Nigerian equities market drooped by N1.904 trillion in the third quarter (Q3) of the year following heightened political tension in the country. The equities market in Q3 experienced volatility due to rising political uncertainties and oil price, were economy has no clear direction and reform policy to stimulate activities that will drive growth as well as soft investor sentiment towards frontier and emerging market assets..
Consequently, the All Shares Index (ASI) in Q3 declined by 14.40 per cent to close at 32,766.37 points on September 28, 2018 from 38,278.55 points at which it opened trading in June, 2018. In the same vein, market capitalisation decreased by N1.904 trillion to close the quarter at N11.962 trillion.
On a quarter basis, the stocks market closed the first quarter with a gain of 8.53 per cent, but revised the gains in second and third quarter with a decline of 7.77 per cent and 14.40 per cent, respectively.
All sectors indices closed in the red, with the Industrial Goods index posting the largest loss of 23.90 per cent. Consumer Goods followed with a quarterly decline of 18.26 per cent, while Insurance index depreciated by 16.73 per cent. Banking index shed by 13.61 per cent, while Oil and Gas went down by 10.99 per cent in third quarter.
As shown in the Nigerian Stock Exchange (NSE) Foreign Portfolio Investor activity report for July, total transactions held by foreign investors dropped by 64.68 per cent to N36.17 billion, against N102.41 billion in the previous month. Also, foreign players’ proportion of total trades on the exchange dropped to 24.76 per cent, from 54.54 per cent in the previous month, which is also well-below the monthly average of 50.47 per cent recorded so far this year.
However, it is worth stating that inflow of N19.83 billion was recorded during the review period, against N16.34 billion worth of outflows recorded in June. Total domestic transactions in July, as shown in the NSE’s report, accounted for 75.24 per cent of total transactions held in the month, with month-on-month growth of 28.73 per cent to N109.90 billion.
Speaking on market performance in third quarter, the managing director of Highcap Securities Limited, Mr. David Adonri said that the market witnessed a lot of withdrawal from equities by investors as a result of dwindling investor’s confidence which can be linked to the increasing country risk caused by political uncertainty as the country drive towards the general election and reaction to macro-economic indicators especially the comment by the Monetary Policy Committee that the economy can slide into recession in due course if certain things are not done in the economy.
According to him, for instance, the headline inflation has started to increase and the rate of decline of inflation rate has also diminished and the growth rate of the economy is no longer increasing compared to the previous quarter. Those are some of the factors that adversely affected investor’s confidence in the economy. Otherwise, there are other positives that ought to give confidence in the economy like the foreign exchange rate and monetary policy rate has been stable.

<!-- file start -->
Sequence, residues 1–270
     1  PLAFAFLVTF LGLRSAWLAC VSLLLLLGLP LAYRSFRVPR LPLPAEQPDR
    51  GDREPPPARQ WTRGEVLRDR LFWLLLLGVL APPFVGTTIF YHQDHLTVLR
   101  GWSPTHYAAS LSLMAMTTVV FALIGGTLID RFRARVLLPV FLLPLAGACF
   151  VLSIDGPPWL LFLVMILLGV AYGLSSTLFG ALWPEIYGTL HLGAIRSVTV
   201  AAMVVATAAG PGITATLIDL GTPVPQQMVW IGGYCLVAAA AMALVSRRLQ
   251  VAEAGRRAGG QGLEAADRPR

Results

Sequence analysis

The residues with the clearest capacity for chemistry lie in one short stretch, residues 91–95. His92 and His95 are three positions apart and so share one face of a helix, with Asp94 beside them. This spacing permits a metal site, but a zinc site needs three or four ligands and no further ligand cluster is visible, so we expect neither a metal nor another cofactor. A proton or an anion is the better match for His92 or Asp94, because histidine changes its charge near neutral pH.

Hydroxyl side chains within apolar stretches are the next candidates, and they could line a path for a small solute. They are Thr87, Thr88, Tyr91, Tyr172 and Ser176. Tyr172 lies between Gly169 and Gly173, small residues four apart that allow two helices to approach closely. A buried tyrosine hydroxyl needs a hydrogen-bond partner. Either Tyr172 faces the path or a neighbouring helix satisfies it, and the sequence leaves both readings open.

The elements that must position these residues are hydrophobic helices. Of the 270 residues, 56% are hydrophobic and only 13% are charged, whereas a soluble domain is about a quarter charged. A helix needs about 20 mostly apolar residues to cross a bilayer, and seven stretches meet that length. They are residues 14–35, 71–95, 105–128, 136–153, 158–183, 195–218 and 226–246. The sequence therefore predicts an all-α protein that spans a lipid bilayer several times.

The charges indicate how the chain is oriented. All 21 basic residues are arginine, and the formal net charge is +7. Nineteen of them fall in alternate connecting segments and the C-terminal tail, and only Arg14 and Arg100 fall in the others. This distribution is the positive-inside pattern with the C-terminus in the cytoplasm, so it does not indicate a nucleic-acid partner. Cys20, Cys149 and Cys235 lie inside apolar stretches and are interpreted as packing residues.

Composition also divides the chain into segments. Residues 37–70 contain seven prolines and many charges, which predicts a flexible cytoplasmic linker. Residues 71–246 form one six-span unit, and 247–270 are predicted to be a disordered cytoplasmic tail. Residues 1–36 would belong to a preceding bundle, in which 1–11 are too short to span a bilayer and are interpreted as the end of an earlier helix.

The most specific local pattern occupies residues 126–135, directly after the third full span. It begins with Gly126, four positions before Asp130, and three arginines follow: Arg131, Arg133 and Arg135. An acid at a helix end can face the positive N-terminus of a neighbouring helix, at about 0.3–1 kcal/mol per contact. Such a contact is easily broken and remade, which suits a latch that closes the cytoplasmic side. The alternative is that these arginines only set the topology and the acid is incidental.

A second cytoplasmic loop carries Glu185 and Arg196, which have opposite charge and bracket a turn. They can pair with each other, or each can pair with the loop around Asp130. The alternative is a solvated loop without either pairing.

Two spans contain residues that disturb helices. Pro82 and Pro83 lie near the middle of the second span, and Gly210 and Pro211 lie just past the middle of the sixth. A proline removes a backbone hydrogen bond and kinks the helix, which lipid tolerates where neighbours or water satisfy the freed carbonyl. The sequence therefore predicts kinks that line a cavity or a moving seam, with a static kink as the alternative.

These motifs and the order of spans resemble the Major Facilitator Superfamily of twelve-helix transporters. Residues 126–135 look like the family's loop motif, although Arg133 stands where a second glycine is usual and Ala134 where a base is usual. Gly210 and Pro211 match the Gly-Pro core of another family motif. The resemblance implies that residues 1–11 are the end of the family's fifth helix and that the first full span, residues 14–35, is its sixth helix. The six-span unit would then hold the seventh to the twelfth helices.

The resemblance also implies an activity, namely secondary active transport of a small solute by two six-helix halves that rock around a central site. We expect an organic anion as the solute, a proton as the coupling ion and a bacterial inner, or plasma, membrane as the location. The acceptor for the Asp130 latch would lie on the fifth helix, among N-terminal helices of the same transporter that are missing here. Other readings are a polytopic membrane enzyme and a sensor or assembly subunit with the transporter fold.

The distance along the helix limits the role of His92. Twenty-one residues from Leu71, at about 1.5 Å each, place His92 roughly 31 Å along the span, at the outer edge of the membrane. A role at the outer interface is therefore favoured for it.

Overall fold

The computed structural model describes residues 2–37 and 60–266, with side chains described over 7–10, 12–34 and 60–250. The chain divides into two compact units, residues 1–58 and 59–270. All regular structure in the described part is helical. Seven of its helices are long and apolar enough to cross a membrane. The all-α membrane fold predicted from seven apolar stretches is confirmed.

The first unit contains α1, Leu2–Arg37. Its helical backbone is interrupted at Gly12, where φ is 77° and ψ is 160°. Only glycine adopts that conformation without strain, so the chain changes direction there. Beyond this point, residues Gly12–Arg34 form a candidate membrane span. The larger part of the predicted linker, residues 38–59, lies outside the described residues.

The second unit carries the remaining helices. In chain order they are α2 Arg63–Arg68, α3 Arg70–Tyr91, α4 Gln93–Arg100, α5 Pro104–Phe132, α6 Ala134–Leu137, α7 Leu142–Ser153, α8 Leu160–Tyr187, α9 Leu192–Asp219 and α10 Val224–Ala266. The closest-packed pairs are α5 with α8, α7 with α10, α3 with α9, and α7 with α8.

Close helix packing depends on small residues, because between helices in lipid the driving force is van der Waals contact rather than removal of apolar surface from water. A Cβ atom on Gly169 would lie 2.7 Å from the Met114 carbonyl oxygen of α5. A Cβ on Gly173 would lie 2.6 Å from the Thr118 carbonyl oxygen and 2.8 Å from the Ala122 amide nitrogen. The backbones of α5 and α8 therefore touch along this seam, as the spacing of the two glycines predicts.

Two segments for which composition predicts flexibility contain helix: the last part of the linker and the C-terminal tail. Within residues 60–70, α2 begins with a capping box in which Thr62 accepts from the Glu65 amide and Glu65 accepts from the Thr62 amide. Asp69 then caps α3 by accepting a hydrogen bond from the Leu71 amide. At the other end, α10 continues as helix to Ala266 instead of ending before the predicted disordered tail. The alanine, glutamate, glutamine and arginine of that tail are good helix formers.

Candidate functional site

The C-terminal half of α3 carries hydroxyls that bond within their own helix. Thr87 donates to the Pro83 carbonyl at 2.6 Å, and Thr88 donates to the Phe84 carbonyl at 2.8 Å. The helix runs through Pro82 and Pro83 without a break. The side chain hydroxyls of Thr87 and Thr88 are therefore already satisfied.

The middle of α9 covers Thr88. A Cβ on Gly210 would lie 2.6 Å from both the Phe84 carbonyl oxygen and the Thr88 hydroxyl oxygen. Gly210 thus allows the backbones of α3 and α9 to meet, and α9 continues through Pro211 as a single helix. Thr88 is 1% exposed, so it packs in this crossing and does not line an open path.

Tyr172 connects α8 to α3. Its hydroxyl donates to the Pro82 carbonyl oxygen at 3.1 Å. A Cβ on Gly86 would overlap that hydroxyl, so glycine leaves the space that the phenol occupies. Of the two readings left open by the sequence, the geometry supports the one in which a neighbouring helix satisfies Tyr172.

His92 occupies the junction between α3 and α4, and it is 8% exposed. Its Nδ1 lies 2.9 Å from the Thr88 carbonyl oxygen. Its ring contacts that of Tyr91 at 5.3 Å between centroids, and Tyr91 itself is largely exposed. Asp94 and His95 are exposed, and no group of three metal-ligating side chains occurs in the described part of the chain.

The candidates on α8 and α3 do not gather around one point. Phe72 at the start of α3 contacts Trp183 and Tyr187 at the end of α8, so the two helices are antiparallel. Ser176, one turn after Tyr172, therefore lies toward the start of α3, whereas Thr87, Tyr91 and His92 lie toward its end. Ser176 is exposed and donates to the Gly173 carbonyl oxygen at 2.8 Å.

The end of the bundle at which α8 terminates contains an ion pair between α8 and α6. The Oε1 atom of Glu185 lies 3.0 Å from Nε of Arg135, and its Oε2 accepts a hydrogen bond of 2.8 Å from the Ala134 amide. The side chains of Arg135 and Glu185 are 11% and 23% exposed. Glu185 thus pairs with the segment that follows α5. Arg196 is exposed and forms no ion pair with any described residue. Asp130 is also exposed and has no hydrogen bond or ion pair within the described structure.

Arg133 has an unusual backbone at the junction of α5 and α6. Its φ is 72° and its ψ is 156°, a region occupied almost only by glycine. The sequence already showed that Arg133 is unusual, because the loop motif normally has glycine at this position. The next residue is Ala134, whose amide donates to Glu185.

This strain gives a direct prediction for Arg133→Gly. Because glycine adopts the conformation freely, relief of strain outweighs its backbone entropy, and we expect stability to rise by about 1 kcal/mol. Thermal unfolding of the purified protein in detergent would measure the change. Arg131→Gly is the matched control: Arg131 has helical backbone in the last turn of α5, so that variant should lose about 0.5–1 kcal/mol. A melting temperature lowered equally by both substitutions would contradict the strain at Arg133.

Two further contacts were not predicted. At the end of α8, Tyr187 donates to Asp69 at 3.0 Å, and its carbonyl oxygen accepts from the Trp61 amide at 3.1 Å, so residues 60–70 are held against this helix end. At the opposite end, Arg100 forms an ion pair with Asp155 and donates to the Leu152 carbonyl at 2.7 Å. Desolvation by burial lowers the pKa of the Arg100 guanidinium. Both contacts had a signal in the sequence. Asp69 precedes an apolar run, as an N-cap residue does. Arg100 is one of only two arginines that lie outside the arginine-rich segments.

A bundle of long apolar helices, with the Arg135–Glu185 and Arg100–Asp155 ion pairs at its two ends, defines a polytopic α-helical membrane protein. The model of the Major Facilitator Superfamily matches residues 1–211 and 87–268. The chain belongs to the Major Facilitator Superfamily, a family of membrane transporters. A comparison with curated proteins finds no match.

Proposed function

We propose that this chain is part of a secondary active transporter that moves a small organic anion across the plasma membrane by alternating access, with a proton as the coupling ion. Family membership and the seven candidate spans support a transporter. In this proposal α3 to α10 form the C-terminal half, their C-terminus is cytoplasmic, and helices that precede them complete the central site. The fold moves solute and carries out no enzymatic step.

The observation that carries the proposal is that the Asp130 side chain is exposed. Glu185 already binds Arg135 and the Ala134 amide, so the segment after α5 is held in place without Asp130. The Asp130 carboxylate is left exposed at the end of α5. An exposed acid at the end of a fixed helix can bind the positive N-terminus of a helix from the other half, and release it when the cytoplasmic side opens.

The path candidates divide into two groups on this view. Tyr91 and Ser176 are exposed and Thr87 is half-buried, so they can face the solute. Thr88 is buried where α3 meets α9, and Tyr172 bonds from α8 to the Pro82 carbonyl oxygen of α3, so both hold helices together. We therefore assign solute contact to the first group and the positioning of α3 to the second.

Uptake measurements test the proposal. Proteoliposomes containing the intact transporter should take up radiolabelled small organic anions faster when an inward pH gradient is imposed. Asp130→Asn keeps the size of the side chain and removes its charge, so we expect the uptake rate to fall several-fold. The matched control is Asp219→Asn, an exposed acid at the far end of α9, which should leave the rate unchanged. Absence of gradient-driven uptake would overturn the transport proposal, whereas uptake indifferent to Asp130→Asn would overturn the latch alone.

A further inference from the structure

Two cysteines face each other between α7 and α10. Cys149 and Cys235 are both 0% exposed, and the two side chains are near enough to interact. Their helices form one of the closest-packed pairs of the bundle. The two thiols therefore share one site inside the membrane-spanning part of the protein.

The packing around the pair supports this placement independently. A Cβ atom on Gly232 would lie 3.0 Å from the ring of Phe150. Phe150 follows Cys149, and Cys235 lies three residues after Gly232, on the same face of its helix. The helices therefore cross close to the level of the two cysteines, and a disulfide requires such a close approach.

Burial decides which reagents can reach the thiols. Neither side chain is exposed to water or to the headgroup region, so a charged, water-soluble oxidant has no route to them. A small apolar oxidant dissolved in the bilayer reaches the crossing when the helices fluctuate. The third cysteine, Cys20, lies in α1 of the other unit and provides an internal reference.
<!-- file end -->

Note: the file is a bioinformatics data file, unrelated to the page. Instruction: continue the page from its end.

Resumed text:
Analysts at United Capital Plc stated that with the performance of the stock market declining, the Nigerian bourse is by far one of the worst performing across emerging and frontier markets.
According to them, nonetheless, we reiterate that opportunities in the equities space are for patient, discerning investors who are ready to hunt bargains on fundamentally solid stocks for long-term prospects.
They advised investors not to get derailed by the bearish outlook that has clearly characterized market performance since July 2018, saying that “we maintain that these temporary setbacks have typically been followed by recoveries.”
They pointed out that the crystallization of the potential risks, especially in relation to pre-election uncertainties, presents an opportunity for investors with a medium to long-term horizon to hunt for bargains immediately the market bottoms out.
They urged investors to choose stocks with consistent dividend profiles, adding that despite pressure in the polity, corporate earnings are unlikely to be overly negative in light of the recovery in the broader economy.
“Hence, bottom line numbers for some companies within our coverage universe are set to improve. Accordingly, notwithstanding the distraction in the political climate, we are of the view that investing in stocks with consistent dividend payment profile, stable earnings, and stock market liquidity is clearly strategic”, they said.
Chief operating officer of InvestData Limited, Mr. Ambrose Omordion said that since the rout started at the tail end of January, the Nigerian market has lost 14.32 per cent, one of the worst performing within this period, globally.
He added that “with no fundamental driver to boost investor sentiment on the horizon, we believe the current weak performance will persist, although we expect speculative trading to shape activities pending the completion of the general elections in 2019.”
He however said that the pullback or decline in the market is creating opportunities for traders and investors to take advantage of the low-price regime to position for expected third quarter earnings reports, in the midst of continued selloffs and political risk, especially as shadow elections by political parties kick off any moment from now.
He advised investors to allow numbers guide their decisions while repositioning in any stock, especially now that stock prices remain volatile amidst mixed company, economic and market fundamental.